Supreme Court nominee Brett Kavanaugh has denied an allegation of sexual misconduct from his high-school days that Democrats reportedly submitted to the FBI.
The allegation in question comes from an unidentified woman who said Kavanaugh covered her mouth with his hand and tried to force himself on her at a party when they were both in high school in the early 1980s. The woman claimed a classmate and friend of Kavanaugh’s turned up music to muffle her cries of protest, which the classmate denied to The New Yorker. She said Kavanaugh’s recent nomination to the Supreme Court dredged up the painful memory of the encounter.
After news of the allegation broke, Kavanaugh released a statement completely denying it. “I categorically and unequivocally deny this allegation. I did not do this back in high school or at any time,” he said.
Senator Dianne Feinstein sent a letter to the FBI that reportedly addressed the alleged incident, which occurred when Kavanaugh, 53, was attending Georgetown Preparatory School in Bethesda, Md.
“I have received information from an individual concerning the nomination of Brett Kavanaugh to the Supreme Court,” read a statement by Feinstein, the ranking member of the Senate Judiciary Committee, the members of which interviewed Kavanaugh for four days last week. “That individual strongly requested confidentiality, declined to come forward or press the matter further, and I have honored that decision. I have, however, referred the matter to federal investigative authorities.”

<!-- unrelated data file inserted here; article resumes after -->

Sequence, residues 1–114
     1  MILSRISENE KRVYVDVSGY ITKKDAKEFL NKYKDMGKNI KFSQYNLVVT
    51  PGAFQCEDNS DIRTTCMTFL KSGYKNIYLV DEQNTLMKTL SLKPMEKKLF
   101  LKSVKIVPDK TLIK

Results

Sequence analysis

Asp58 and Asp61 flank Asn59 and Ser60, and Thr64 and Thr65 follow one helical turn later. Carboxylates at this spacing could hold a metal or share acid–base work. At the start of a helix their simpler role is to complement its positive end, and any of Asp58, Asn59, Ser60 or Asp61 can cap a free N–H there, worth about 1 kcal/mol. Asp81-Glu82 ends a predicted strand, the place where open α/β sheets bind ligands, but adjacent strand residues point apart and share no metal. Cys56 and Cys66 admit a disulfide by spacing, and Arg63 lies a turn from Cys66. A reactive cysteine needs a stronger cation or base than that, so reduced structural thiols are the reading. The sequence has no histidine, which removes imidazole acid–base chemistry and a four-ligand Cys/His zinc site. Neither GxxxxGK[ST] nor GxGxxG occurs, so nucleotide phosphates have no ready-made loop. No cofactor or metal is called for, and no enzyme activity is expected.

“Upon receipt of the information on the night of September 12, we included it as part of Judge Kavanaugh’s background file, as per the standard process,” a spokesperson for the FBI said.
A group of 65 women wrote a letter on Friday to the Senate Judiciary Committee vouching for Kavanaugh’s character over decades of friendship with him.
“We are women who have known Brett Kavanaugh for more than 35 years and knew him while he attended high school between 1979 and 1983,” the letter said. “For the entire time we have known Brett Kavanaugh, he has behaved honorably and treated women with respect. We strongly believe it is important to convey this information to the committee at this time.”
The committee plans to vote on Kavanaugh’s confirmation on September 20. A full Senate vote would likely follow before October, when the Supreme Court begins its 2018 session.